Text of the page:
People are very loyal to their running shoes, often saying they would never switch to a different brand. As a podiatrist and a runner myself, I find the discussion of running shoes very interesting.
But are expensive running shoes worth the cost?
When I came across Runrepeat.com, I was impressed by Jens Jackob Andersen’s objective comparison of running shoes based on quality and cost, without being influenced by sponsors. Andersen, the site’s founder, has crunched numbers from nearly 135,000 consumer reviews and gathered feedback from some of the most of the popular brands.
Andersen was quoted in an interview with the Washington Post, saying:
“If money is a matter to you, you will not get more inexpensive running shoes. Affordable mid-range running shoes are very nearly the same as expensive running shoes.”
For the most part, I think that Andersen is right. The bottom line is, the shoe has to fit well and feel good. On one hand you get what you pay for, but on the other hand you have to be really alert to how much marketing costs drive up the price of shoes.
A lot of people gravitate towards expensive shoes. Some runners really like them, but sometimes the price of the shoe is driven up due to brand endorsements or high profile athletes.
When shopping for a running shoe, you may need to take a closer look to see if there is any added value, or the higher price is to offset marketing costs. If the companies would spend all of that money in technology, then it would be great, but that’s not always the case.
The expense should not be a necessary indicator to choosing a shoe, but instead you may want to look at these three factors:
- Fit— Do they fit your foot tight?
- Comfort—Does the shoe feel right?
- Specific activities that you’re going to do—What will you be using the shoe for?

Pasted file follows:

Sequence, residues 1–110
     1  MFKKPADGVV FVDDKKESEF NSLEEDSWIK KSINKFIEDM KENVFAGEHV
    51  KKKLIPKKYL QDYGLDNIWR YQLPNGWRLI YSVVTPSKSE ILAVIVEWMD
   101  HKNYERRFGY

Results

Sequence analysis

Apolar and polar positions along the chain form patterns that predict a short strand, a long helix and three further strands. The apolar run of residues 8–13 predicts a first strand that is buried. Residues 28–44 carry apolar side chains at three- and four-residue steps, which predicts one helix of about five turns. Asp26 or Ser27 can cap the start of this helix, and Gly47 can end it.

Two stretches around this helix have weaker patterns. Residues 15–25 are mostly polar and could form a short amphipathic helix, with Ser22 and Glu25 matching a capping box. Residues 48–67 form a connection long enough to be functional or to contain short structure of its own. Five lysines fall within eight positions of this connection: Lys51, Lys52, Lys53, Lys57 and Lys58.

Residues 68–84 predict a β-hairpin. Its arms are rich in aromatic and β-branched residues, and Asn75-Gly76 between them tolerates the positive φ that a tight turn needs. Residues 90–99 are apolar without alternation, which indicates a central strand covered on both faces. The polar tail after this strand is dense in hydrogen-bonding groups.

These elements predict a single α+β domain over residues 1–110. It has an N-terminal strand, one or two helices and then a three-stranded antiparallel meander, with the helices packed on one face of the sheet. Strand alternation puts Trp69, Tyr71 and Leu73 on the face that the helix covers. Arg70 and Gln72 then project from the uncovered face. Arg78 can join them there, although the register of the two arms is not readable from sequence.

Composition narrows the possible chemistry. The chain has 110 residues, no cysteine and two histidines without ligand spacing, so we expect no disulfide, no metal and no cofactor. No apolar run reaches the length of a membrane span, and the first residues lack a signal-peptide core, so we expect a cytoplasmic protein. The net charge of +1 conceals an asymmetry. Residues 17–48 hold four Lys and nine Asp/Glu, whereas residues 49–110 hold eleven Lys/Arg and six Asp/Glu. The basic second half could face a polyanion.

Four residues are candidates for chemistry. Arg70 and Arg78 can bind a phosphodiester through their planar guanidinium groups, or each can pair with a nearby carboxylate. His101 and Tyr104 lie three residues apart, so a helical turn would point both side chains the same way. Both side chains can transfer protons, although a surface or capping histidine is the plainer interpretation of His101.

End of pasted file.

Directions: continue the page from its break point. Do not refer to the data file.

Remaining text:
Keep in mind, the more beating the shoes are going to take, you are either going to wear them out faster or they’re not going to hold up for long. When buying a running shoe, consider if you will be running on pavement, running off road, running for marathons or for routine exercise.
I’m never a fan of cheap shoes, because they just don’t hold up with any amount of running, but the mid-range priced shoes are usually the brands I recommend.
The other element to keep in mind is the type of orthotic that will go in your shoe. If you have anything other than a good foot structure, you would benefit from some orthotic insert.
I’m speaking from experience working with pediatric and adolescents with foot structure problems. Most of these patients are just not cut out to be runners because they have abnormal foot shapes. However, with any runner, the orthotic insert will do a lot of good. Specifically, it will help with shock absorption and protect against abnormal motion. And for that reason, a mid-range running shoe with a good orthotic is as about as good as you can get.
If you’re ready to train for a race, consider these shoe tips before you’re ready to run.